Three straight nights of live music are on tap this week at Summit City, as southern rockers Lauderdale, country rocker Chris Janson, and singer-songwriter Mitch Barret all return to Whitesburg for repeat performances.
The “Muscle Shoals sound” of North Alabama returns to Summit City on Friday night when Lauderdale and opening act Abraham, of Shreveport, Louisiana, take the stage. Both bands are influenced heavily by the music created during the past five decades in the legendary FAME and Muscle Shoals Sound Studios. Both recording studios have been in operation in Muscle Shoals since the 1960s, and are famous for classic recordings featuring Duane Allman, Eric Clapton, Aretha Franklin, and Lynyrd Skynyrd (who helped cement the area into the nation’s musical conscience in 1974 with its lyric from “Sweet Home Alabama” — “In Muscle Shoals they’ve got the Swampers”).
Some of the best known songs by Sixties’ artists such as Percy Sledge (“When a Man Loves a Woman”), James and Bobby Perry (“I’m Your Puppet”), Wilson Pickett (“Mustang Sally”), and Clarence Carter (“Slip Away”) were recorded in Muscle Shoals, many of them with “Swamper” David Hood on bass. Hood’s son, Patterson, went on to found the Drive-by Truckers, a band which helped spawn the career of Jason Isbell, who has been the most popular performer at Summit City since the venue opened in August 2007. It is from the music of Isbell, the Drive-by Truckers and other modern-day acts from the Shoals area that Lauderdale and Abraham get much of their influence.
Lauderdale formed shortly after New Year’s Eve in 2005 and has also been compared to many their other influences, including the Jayhawks, Lucero, R.E.M., and Grant Lee Buffalo.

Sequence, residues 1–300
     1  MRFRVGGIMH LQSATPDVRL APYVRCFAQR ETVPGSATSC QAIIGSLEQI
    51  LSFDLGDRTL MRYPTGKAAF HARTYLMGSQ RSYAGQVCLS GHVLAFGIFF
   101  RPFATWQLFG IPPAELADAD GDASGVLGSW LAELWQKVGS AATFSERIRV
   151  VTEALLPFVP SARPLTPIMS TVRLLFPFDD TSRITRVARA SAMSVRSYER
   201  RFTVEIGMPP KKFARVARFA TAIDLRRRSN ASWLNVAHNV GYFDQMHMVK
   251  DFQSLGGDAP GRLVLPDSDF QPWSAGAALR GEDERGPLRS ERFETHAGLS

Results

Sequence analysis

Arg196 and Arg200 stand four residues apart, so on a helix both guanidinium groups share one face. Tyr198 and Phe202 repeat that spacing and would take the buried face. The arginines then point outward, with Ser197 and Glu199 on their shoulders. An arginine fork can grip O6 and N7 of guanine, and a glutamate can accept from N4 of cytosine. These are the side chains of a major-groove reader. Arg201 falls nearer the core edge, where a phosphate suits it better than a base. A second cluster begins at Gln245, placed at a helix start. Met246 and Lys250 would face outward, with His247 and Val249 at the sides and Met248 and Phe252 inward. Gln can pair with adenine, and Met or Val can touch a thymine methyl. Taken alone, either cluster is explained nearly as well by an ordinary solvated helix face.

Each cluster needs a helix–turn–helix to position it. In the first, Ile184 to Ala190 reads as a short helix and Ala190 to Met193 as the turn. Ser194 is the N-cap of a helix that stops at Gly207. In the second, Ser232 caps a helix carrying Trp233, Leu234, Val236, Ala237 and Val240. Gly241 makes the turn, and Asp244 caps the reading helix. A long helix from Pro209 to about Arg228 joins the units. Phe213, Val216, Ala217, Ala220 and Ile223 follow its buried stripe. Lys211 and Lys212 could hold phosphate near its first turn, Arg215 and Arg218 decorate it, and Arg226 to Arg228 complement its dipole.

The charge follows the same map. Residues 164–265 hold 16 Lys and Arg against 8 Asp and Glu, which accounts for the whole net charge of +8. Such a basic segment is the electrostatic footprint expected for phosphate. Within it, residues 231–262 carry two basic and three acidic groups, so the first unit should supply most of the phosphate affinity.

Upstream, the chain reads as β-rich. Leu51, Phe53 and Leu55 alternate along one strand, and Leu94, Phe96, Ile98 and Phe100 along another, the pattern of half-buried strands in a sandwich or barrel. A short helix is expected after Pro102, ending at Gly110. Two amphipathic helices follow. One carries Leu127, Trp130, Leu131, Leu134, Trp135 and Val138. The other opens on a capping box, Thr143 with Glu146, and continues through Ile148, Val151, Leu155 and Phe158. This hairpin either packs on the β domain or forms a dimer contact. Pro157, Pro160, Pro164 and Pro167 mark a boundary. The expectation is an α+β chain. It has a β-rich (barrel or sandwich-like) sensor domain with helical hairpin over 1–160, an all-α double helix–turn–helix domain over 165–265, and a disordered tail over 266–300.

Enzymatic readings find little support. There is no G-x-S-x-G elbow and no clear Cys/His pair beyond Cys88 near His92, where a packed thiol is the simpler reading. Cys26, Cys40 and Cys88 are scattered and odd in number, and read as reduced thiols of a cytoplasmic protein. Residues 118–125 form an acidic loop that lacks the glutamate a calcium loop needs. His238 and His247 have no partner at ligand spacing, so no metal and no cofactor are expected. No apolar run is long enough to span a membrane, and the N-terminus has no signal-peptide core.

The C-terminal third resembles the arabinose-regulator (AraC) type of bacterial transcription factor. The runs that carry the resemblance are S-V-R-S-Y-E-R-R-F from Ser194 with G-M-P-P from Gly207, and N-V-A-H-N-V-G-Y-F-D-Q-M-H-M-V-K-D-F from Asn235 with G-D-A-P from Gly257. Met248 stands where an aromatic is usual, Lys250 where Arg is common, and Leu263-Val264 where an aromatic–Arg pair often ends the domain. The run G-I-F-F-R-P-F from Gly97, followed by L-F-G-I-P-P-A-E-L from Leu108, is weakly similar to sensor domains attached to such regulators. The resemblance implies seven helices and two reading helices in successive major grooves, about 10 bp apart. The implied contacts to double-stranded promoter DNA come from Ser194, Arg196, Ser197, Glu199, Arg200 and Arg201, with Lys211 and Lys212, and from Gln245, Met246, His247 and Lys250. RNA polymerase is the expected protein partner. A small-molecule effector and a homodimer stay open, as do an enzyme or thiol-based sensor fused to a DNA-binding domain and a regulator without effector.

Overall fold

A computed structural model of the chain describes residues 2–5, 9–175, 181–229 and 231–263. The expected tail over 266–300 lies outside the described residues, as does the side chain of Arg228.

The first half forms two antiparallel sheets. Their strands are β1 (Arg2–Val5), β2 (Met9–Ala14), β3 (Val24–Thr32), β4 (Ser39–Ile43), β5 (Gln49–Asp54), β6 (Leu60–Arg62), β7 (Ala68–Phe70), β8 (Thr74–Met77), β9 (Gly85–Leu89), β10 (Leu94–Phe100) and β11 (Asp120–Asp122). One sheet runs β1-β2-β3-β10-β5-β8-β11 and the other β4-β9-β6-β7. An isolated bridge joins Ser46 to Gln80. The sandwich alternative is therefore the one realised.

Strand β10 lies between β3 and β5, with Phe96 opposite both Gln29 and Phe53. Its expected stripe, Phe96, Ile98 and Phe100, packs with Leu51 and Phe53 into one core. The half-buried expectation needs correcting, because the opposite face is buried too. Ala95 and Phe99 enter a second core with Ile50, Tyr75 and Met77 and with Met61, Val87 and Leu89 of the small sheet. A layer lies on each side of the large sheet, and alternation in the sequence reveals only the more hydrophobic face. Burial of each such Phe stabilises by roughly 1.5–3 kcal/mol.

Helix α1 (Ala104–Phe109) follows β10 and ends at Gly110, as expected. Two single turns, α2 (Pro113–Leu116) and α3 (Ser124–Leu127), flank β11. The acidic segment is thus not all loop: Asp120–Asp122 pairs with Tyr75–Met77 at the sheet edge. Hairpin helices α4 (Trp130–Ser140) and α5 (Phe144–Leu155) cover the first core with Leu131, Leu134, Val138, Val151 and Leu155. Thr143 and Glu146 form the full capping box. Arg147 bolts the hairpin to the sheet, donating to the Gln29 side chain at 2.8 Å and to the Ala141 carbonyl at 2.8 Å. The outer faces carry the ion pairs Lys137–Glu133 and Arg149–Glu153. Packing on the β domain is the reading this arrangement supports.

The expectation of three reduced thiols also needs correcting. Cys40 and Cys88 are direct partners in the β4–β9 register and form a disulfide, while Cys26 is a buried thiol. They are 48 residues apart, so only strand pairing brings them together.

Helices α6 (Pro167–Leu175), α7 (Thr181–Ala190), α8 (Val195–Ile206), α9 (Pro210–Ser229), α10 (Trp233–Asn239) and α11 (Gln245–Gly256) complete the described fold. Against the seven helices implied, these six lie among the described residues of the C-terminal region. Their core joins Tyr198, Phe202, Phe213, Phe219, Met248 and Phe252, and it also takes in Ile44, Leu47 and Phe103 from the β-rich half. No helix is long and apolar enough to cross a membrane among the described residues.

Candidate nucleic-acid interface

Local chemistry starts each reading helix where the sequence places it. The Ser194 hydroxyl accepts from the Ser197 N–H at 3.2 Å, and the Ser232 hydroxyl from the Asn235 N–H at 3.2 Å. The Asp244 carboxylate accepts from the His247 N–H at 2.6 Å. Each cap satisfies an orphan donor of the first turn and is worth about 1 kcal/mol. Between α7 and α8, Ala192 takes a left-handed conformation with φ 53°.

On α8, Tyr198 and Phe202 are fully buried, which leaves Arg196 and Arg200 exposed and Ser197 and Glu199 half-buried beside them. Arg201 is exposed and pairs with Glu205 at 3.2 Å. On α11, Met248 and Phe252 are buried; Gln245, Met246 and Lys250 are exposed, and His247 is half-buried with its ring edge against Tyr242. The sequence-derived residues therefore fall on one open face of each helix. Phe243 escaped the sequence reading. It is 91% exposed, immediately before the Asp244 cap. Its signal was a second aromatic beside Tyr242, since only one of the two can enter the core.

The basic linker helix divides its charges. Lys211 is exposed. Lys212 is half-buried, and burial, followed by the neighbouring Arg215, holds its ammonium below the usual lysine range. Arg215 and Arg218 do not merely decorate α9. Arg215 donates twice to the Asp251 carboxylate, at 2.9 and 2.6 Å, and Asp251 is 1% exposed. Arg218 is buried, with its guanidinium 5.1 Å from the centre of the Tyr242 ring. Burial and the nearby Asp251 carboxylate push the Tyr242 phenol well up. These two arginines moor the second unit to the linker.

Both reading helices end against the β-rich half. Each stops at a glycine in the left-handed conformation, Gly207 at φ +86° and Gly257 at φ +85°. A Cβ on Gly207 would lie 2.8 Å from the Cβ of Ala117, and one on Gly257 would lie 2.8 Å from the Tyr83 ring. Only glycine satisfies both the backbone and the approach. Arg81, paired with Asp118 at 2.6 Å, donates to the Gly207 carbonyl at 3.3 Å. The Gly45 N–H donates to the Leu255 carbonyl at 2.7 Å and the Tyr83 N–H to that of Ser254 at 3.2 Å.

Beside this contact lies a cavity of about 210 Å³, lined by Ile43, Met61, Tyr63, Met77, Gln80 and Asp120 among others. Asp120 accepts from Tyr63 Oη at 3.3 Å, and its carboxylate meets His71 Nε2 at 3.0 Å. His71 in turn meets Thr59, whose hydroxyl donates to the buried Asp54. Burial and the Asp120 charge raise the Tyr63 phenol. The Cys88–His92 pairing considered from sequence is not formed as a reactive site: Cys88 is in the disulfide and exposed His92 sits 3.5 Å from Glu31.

“They are musicians who create music for dancing, driving, drinking and dreaming. Their music can’t be pigeonholed or categorized. It is resonant, complex and simply beautiful,” said a review in Bliss Magazine.
The band’s lineup now includes singer/guitarist and songwriter Niles Lee, drummer Patrick Mcdonald, bassist Chirs James, keyboardist Ben Tanner, and guitarist Daniel Stoddard.
Abraham was founded in Shreveport, La., but recorded its first album at FAME Studios in Muscle Shoals, where singer Dylan LeBlance had been living on and off for the past few years. The band, which counts as its influences “mountains, sunsets, vinyl, whiskey, cold, coffee, cigarettes, and life,” also features guitarist Logan Hall; Mus Gillum on keyboards and steel guitar; Jeremy Gibson on bass and vocals, and Michael Donner on drums.
Lauderdale can be heard online by visiting www.myspace.com/ lauderdalemusic.
Abraham’s music is also available on-line at www.myspace.com/ hearabraham.
Admission for Lauderdale and Abraham, set to begin at 9 p.m., is $5.
Summit City’s three nights’ of music opens on Thursday with a performance by folk musician Mitch Barrett of Berea, Ky. Barrett was introduced to the music he plays first by his grandparents but now draws inspiration from artists such as John Prine, Ray Charles, and Emmy Lou Harris. Admission to his performance, set to begin at 8 p.m., is also $5.
Ending the week of music is the always crowdpleasing Chris Janson, who is scheduled to return to the Summit City stage on Saturday at 8:30 p.m.
A line from one of Janson’s songs says a lot about his style: “What’s wrong with rockers driving pick-ups — Johnny Cash was wearing black before Sid Vicious.” That ability to blend two seemingly opposite worlds is at the heart of Janson’s unique sound, which combines rockabilly blues with hard rock themes and a driving guitar.
Born in Perryville, Missouri, Janson started playing guitar at age 10 when his grandfather taught him three chords. The first song he mastered was “Keep Your Hands to Yourself” by the Georgia Satellites, and he began performing in bars just a year later. After moving to Nashville, Janson landed a job at Tootsies Orchid Lounge, where he performed seven days a week, four shows a day for a year. He soon became noticed by movie director Jonathan Demme, who offered him a small part in the film “Heart of Gold” with Neil Young.
A gifted songwriter, Janson has written with Rodney Crowell, and former Guns ‘N’ Roses member Duff McKagan among others. Since 2005, he has toured with such stars as Lynyrd Skynyrd, Hank Williams Jr., Shooter Jennings, and Sugarland. He has shared the stage with Crowell, Williams, Velvet Revolver, Emmylou Harris, Trace Adkins, and Lonestar.
Janson’s music can be previewed on the Web at www.myspace.com/ chrisjanson. Admission for his performance is $10. All three nights of music are open to all ages.